What makes Promptworks a unique place to work?
Being an engineer-founded company, we have a lot of empathy for every single person who contributes to our team. All of the roles within our organization — from engineering and design to QA and project management — we’ve once done ourselves, so we tried to build a culture that represents our ideal workplace for our employees.
Tell us more about your approach to building an ideal workplace culture. What does that look like?
We believe that everyone, no matter how senior, has something to learn because tech is always changing. We also want our team to have time to experiment and push boundaries so that we can make sound recommendations for our clients.
That said, we don’t expect employees to learn on their own time. That’s why we carve out non-billable work time during which employees are able to reinvest in the company and themselves. Employees use 25% of their time to work on projects like estimations for prospective clients, preparing talks for “Talk Tuesdays” held in our dining room or to speak at a conference, engaging with the community through mentoring or Meetups, working on internal projects that let us try out new technology, or building something fun — say, for instance, a custom, voice-recognition-enabled Harry Potter game that lives in our dining room.
Through this approach, we’ve seen many people move up from entry level to senior positions, gain new specialities and advise their peers on what they’ve learned.
Talk to us about your company values.
Our company has four core values:
We also value sustainability in terms of creating processes that will scale, apps that last for a long time and not burning out employees in the process, as well as building sustainable, long-term relationships with our clients.
As a small company, how are you handling growth?
We’ve already expanded quite a bit since 2018 and have worked hard to do so thoughtfully. We’re taking a very strategic approach to growth.
First, we are looking to add more engineering roles to handle building larger, more complex software for enterprise clients. We’ll also be adding QA, maintenance and support team members to ensure we continue to deliver our services with attention to detail, quality and our clients’ needs.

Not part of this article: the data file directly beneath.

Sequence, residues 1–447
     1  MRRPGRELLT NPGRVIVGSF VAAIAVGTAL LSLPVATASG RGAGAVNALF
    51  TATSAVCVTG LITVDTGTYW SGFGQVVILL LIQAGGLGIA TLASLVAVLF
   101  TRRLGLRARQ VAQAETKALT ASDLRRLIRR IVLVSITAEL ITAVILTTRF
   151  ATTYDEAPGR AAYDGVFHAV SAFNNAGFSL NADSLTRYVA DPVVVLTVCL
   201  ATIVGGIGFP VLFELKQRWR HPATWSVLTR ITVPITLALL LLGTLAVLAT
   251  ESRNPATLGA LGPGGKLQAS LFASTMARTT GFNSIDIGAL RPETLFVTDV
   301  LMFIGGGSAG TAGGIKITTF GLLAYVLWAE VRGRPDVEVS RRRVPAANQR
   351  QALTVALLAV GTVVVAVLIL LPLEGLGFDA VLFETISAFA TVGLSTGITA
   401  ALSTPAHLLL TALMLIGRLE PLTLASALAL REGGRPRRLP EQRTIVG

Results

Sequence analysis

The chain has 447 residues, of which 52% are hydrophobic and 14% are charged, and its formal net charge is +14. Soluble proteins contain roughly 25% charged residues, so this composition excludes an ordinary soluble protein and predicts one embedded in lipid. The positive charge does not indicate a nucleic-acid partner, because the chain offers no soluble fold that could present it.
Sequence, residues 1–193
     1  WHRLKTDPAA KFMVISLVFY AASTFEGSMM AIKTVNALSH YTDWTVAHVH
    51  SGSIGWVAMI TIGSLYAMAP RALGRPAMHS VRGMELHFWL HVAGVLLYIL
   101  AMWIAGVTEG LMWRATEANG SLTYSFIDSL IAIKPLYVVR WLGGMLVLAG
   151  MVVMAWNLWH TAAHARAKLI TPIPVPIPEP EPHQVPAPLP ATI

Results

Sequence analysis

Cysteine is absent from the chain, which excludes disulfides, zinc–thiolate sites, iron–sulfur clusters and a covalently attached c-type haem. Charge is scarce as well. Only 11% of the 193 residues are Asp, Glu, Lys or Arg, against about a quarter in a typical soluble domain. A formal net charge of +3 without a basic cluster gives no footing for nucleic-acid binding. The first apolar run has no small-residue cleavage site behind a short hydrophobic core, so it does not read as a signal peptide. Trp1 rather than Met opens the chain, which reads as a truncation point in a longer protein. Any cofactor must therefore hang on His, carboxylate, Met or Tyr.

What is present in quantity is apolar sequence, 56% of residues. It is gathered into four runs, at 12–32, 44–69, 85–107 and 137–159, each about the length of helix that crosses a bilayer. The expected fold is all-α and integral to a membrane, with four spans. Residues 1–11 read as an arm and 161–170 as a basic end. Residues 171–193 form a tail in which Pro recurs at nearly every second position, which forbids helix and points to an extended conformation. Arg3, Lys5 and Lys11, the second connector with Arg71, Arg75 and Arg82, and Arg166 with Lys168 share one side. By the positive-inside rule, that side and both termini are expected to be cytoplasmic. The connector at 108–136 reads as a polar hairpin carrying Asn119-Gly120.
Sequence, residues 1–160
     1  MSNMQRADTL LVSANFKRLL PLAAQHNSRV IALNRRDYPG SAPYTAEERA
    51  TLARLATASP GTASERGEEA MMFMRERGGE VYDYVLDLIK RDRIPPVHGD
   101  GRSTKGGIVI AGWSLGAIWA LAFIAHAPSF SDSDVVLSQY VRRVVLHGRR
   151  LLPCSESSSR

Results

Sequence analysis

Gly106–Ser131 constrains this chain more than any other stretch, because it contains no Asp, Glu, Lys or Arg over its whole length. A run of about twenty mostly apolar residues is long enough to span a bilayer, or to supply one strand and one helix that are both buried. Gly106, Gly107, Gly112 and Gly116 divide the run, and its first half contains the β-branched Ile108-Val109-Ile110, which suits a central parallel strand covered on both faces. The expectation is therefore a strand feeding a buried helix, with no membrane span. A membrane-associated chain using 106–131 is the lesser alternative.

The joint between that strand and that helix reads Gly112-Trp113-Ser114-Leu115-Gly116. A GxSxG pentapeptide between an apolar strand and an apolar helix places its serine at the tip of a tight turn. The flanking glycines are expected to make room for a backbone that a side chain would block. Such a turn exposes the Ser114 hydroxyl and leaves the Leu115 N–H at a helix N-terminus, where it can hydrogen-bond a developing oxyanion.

In May, we’ll be moving to 123 S. Broad Street, which will increase our office space from 3,000 sq-feet to 8,000 sq-feet. This move will allow us to comfortably grow over the next handful of years. It includes much-needed space for more meetings and collaboration, with greater wall area for whiteboard planning sessions with clients, as well as multiple types of private work spaces, such as a library (which may or may not have books, but will most definitely be a quiet zone).
The office will be located on the 24th floor with an amazing view of City Hall, and will have all the original comforts of our old home, like giant palms, sunlit spaces, kitchen cubbies and adjustable sit/stand desks.
What do you look for from job candidates?
As a consultancy, at some point or another we all have contact with clients and need to see things from their perspective. We always look for candidates who are empathetic and genuinely care about client success.
We also look for candidates who are a quick study, whether when it comes to adapting to new technology or learning about a new client’s industry.
Our office is an ego-free environment. It’s not about you or your code, it’s about delivering a great product that we can hand off with pride. Everyone collaborates, shares knowledge and helps bring the product to life as a team. For instance, our engineers and designers commonly engage in pair programming, where two people work on one computer at once, taking turns driving. Having two brains on one thing is so helpful. It allows folks to challenge their assumptions, make sure they’re doing everything right, and trade control back and forth.
Also, many of our employees come from diverse backgrounds; several went to arts schools, a few have PHDs in education or neurobiology. These unique backgrounds are really helpful when we throw people into new projects where they can apply their expertise.
How about in terms of tech skills?
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